For example, if it cost $6.9-million to build a 69-room hotel, or $100,000 per room, the property would need to attain an average room rate of $100 and run between 60% and 70% occupancy to be feasible. The average waterpark would add $7,246 per room to the cost to build the hotel ($500,000/69 = $7,246). Dividing this amount by 1,000 means that an additional $7.25 must be added to the $100.00 average rate for the hotel development to be feasible. To justify the cost of the waterpark, the hotel in question would need to attain an average room rate of at least $107.25.
Risks and Market Conditions
On average, hotels with waterparks do achieve higher rates than hotels that lack such facilities, but if the market is unable to support the higher rate required, the waterpark becomes an economic burden on the hotel operation. In other words, there is a degree of risk involved in adding a waterpark to a hotel. According to David Sangree, MAI, a hotel with “an indoor waterpark is more sensitive to fluctuations in the leisure market, the economy, and the demographic composition of a market area.”6
Several market factors must be considered carefully when contemplating the addition of a waterpark. For starters, the population of the market must be sufficient for a waterpark to be viable. Generally, a waterpark will attract people within an 80-kilometre radius. Within this radius, the best type of market is one with a strong leisure component and a bluecollar economy with young families that have children.
Highway locations are excellent choices, as vacationing families from outside the market area will favour a hotel with a waterpark over other properties of the same calibre,7 even if they have to pay a higher rate. Imagine for a moment driving for long hours with young children in the car and it is easy to see why a waterpark can be a competitive advantage for a hotel in a suitable highway location.
A waterpark is particularly advantageous for hotels in cold or intemperate climates, as the waterpark can draw demand to the property in the off season.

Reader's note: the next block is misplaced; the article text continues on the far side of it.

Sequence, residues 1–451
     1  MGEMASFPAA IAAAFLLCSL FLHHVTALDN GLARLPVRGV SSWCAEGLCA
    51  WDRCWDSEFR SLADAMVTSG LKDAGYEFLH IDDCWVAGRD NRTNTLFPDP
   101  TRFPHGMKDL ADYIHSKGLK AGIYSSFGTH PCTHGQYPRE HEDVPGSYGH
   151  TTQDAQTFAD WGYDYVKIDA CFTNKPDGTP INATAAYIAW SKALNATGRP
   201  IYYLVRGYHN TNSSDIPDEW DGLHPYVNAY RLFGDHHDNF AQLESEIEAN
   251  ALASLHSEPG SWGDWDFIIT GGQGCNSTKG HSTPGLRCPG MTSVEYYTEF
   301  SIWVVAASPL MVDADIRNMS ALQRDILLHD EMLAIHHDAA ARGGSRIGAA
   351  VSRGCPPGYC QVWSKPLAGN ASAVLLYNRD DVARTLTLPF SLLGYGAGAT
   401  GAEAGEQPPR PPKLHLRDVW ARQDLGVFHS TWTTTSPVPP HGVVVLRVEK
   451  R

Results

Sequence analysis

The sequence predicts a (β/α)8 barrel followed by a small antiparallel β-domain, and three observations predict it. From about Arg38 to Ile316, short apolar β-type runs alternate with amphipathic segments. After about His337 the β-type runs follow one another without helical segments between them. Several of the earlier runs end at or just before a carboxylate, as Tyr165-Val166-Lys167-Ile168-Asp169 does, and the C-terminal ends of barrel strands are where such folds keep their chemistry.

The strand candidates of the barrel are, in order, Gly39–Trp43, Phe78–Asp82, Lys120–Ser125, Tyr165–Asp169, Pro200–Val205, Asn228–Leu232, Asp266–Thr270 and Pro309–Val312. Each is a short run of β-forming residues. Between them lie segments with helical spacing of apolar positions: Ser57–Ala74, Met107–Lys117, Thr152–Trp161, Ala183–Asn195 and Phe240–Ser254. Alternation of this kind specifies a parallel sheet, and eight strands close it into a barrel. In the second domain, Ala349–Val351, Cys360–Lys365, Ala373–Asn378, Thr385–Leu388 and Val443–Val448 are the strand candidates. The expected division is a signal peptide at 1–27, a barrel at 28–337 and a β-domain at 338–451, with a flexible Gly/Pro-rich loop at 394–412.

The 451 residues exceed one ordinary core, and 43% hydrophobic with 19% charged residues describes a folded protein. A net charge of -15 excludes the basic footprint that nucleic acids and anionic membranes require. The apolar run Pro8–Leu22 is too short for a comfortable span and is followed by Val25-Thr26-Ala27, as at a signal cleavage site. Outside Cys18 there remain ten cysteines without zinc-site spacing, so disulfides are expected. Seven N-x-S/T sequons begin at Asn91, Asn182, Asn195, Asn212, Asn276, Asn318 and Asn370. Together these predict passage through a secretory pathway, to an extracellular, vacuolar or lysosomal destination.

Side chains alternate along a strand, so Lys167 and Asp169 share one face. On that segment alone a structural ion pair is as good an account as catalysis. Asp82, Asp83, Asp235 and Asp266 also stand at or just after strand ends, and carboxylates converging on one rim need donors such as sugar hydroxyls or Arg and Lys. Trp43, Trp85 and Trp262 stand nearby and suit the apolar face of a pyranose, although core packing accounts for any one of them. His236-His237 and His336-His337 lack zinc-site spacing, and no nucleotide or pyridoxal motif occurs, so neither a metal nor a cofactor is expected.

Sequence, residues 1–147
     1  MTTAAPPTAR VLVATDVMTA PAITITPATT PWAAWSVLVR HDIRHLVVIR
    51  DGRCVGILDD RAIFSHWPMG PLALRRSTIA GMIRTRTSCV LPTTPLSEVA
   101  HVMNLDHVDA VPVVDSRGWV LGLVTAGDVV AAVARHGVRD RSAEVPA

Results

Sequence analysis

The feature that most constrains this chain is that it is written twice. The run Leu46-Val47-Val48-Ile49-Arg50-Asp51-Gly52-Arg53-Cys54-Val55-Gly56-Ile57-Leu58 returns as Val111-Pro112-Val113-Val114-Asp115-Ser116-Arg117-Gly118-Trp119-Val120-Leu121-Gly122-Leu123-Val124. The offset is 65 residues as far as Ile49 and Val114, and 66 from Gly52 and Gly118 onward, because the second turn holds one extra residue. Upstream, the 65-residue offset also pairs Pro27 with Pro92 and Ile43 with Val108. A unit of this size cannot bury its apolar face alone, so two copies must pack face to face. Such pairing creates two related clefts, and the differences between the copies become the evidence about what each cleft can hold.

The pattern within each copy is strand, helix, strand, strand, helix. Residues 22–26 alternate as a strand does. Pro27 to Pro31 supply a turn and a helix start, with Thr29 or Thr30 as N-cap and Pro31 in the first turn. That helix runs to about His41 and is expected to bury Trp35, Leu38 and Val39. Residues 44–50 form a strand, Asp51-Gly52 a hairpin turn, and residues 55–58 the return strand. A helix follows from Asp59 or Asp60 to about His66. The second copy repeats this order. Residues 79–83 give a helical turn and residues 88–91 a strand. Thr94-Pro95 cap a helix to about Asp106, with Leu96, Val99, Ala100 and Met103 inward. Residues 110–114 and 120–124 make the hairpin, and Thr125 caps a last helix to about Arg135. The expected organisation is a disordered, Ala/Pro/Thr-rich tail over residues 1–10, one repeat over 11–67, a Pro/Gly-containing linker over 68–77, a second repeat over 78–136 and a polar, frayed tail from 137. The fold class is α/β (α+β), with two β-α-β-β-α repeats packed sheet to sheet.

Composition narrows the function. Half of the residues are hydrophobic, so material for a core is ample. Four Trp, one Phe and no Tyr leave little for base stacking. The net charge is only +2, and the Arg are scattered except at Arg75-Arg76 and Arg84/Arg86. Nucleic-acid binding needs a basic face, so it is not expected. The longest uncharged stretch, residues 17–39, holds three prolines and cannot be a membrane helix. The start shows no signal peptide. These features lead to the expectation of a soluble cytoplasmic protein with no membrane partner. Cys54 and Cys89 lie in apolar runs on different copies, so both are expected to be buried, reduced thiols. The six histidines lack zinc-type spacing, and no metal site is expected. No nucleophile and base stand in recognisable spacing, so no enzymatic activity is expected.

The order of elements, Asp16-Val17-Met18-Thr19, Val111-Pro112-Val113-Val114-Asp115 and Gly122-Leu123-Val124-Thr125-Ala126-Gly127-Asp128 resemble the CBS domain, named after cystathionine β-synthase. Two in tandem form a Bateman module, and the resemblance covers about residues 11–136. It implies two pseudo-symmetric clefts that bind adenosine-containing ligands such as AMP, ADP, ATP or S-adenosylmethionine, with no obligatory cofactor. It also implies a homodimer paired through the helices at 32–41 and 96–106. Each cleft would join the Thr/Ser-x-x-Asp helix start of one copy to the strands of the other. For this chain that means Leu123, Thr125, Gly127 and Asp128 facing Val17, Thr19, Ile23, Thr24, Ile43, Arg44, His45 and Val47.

Being the hotel with the first waterpark in the market is also a way to differentiate the property from competitors. It is important to realize that this competitive advantage is temporal, as competitors will try to compete by copying the facility and being bigger and thus more attractive to the target market.8 For this reason, it is important that the waterpark be built as big as is feasible, to help the hotel prolong this first-mover advantage.
One must weigh the potential benefits against the costs and the risks when deciding whether or not to add a waterpark to one’s hotel. Most hotels with waterparks do achieve a higher occupancy and a higher average room rate, but the construction costs are substantial, and the market must be able to support the rate increases necessary to offset the costs. If the costs are deemed reasonable and the market and the location are appropriate, build the waterpark.
1 Jeff Coy and Bill Haralson. Hotel Water Park Report
2005, pg. 21. Taken on Oct. 5, 2007, from www.hotelonline.com.
HVS INTERNATIONAL - CANADA
August 2007 YTD
© Smith Travel Research, 2005. Reproduction or quotation in whole or in part without permission is forbidden. *INS - Insufficient Data
|Also See:||Boost ADR & occupancy by adding a waterpark feature! Hear HotelWaterParks.com CEO Bruce Dalen describe how it's done / September 2007|